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Four Major Changes in China’s Overall Social Structure
Senior Tsinghua social scientist explains urbanization results
This newsletter features the translation of the Chinese article 《我国整体社会结构四大变化》Four Major Changes in China’s Overall Social Structure. The author is 李强 LI Qiang, a senior Tsinghua social scientist who formerly headed the School of Social Sciences there. This is easy to understand and not long, and it gives a broad and good idea of the macro changes in China.
Four Major Changes in China’s Overall Social Structure
by LI Qiang, formerly Dean, School of Social Sciences, Tsinghua University
China has witnessed seismic changes in its overall social structure since the reform and opening up. The former social classes and strata, such as farmers, workers, and intellectuals, have changed, and many new social classes have emerged. Regarding these changes, Lu Xueyi put forward the view of “ten classes”, which is, in fact, an explanation of occupational stratification. Based on the International Socio-Economic Index of Occupational Status (ISEI) and national census data, this author uses a purely quantitative method to conduct quantitative research on the changes in China’s social structure. The study reveals that China’s social structure has shifted from an “inverted T-shaped” one to a “土-shaped” one (with an expanded middle class). This illustrates the basic status in two respects: First, the lower-middle class in China still accounts for a large proportion of the total population. Second, the proportion of the middle class has increased markedly. According to the calculations done by the research team led by the author, so far China’s middle class (including family members), with a population of over 300 million, accounts for 26%-28% of the total population. This author attempts to elaborate on the four major changes below.
Fundamental changes in urban and rural population structure
Regarding the overall social structure, China’s society has shifted from one that is dominated by the rural population in the early 21st century to one that is dominated by the urban permanent population. The urbanization rate is usually adopted to indicate this change. In 2001, China’s urban population was 480.64 million, accounting for 37.7% of the total population, and its rural population stood at 795.63 million, accounting for 62.3% of the total. According to the data from the seventh national census conducted in 2020, the population living in cities and towns registered 901.99 million, 63.89% of the total, while the population living in rural areas registered 509.79 million, 36.11% of the total. In other words, China has seen a complete change in urban and rural populations: in 2001, rural residents took up over 60% of the total population, while in 2020, urban residents accounted for 60% of the total population instead.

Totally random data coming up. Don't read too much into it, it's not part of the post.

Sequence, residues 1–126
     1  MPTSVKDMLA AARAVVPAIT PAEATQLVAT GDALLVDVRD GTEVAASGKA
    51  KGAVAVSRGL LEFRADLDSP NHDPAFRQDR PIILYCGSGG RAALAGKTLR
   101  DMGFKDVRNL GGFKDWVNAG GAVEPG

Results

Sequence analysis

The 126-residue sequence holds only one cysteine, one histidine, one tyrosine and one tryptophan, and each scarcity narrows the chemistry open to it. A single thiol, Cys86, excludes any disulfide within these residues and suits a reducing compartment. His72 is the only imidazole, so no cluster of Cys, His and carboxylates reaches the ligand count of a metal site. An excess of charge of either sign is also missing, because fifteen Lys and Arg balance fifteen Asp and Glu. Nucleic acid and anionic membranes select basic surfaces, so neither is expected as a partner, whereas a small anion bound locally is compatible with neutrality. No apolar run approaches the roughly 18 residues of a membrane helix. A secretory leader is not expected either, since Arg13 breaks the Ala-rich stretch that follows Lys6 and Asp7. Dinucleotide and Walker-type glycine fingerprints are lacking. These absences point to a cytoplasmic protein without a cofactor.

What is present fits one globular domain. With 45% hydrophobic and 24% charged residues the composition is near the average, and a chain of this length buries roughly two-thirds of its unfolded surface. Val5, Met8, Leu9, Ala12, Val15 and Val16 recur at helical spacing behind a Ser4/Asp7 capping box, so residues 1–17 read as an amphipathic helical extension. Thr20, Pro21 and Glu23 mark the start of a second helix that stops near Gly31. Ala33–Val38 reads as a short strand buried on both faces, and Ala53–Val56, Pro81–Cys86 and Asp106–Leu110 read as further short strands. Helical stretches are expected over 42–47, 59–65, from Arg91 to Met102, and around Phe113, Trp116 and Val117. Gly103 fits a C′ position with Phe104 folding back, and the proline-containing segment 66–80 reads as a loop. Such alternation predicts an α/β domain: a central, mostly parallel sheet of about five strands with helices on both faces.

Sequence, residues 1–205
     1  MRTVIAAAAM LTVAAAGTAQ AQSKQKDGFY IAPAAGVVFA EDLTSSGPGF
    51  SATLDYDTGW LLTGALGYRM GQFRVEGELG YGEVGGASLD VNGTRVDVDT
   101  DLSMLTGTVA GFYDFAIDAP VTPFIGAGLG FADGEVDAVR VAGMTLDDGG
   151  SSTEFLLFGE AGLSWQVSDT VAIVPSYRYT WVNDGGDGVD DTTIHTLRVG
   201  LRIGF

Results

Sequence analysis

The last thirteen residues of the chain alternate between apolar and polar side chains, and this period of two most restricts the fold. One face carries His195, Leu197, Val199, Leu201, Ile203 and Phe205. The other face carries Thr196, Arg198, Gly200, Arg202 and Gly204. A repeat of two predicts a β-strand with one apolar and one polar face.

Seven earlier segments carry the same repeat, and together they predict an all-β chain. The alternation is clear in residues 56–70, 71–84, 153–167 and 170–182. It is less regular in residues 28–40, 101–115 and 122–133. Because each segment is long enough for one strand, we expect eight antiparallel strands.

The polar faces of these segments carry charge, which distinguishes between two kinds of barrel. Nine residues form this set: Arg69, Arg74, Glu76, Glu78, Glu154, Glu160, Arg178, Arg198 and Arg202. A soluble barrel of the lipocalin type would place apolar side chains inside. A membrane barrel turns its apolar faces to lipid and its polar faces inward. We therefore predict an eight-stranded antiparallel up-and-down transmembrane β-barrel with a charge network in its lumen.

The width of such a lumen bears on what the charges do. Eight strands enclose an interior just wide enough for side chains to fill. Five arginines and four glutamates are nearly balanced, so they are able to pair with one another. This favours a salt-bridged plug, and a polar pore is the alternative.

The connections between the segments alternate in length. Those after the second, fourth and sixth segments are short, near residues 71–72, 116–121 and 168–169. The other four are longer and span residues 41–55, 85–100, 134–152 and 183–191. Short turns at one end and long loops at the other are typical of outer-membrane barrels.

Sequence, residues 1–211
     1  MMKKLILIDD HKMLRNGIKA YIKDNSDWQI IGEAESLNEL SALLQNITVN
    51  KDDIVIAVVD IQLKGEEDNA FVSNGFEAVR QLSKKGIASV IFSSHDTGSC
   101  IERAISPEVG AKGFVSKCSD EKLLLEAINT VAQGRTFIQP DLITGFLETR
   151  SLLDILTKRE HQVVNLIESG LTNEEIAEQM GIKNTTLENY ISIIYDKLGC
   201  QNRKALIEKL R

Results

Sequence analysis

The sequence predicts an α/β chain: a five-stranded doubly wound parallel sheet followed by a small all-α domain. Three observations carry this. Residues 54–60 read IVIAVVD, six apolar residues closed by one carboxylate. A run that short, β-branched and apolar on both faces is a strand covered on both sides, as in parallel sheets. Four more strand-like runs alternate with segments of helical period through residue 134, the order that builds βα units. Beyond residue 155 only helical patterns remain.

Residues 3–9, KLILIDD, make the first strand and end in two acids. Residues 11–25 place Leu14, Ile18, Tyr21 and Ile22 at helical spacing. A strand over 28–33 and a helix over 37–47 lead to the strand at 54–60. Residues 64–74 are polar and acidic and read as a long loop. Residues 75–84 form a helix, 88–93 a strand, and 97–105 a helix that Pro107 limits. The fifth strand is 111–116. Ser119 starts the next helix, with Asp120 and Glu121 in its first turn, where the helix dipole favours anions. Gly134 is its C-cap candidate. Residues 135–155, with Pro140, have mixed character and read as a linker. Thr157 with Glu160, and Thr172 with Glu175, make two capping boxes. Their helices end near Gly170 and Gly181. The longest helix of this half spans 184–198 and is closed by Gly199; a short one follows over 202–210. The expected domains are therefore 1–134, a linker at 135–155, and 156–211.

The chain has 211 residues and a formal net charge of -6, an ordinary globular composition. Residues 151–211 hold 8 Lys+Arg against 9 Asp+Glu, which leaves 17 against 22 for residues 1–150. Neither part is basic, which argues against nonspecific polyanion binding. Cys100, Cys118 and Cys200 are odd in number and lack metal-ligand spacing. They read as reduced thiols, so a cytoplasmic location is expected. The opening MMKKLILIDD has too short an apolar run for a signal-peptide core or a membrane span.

The urban-rural disparity has always been one of the biggest problems in China, but it now manifests new characteristics, namely the complexity and diversity in urban-rural disparity. Today, rural areas have also witnessed prominent wealth gaps. Some villages and farmers are impoverished, while others can be quite affluent. The relationship between urban and rural areas is far more complicated than before. In the past, the development of rural areas was mainly realized through urbanizing the rural areas and transforming farmers into urban inhabitants. Yet today, farmers now are unwilling to be transformed into urban residents as they will lose their land, which is the source of their wealth. Such cases abound. In many regions, after the land rights were confirmed, farmers may acquire the land certificate, homestead certificate, and property ownership certificate. In many villages, land use rights and collective property were transformed into stock shares, and farmers become shareholders and enjoy generous dividend benefits. This is especially true for rural areas not far from big cities, where villages are growing rich with newly-established mechanisms. Generally speaking, the rural areas in the vicinity of big cities are wealthier, whereas those far away from big cities lag.
The changes in the urban and rural population structure cause tremendous changes in the way the residents work and live
Such tremendous change in the urban and rural population structure brings about comprehensive social changes. For hundreds of millions of people, the way of production has changed from the labor in agriculture in rural areas to the labor in industrial, service, and commercial sectors in cities and towns. There is also a fundamental lifestyle change. In the past, people in rural areas had a self-sufficient lifestyle in which they “planted melons and beans near the house”, raised chickens and pigs, and did not need much extra spending on daily necessities. Now, almost all needs can only be met through commercial exchanges. On the one hand, many elderly people are not well adapted to this change. On the other hand, this has indeed improved people’s level of consumption significantly.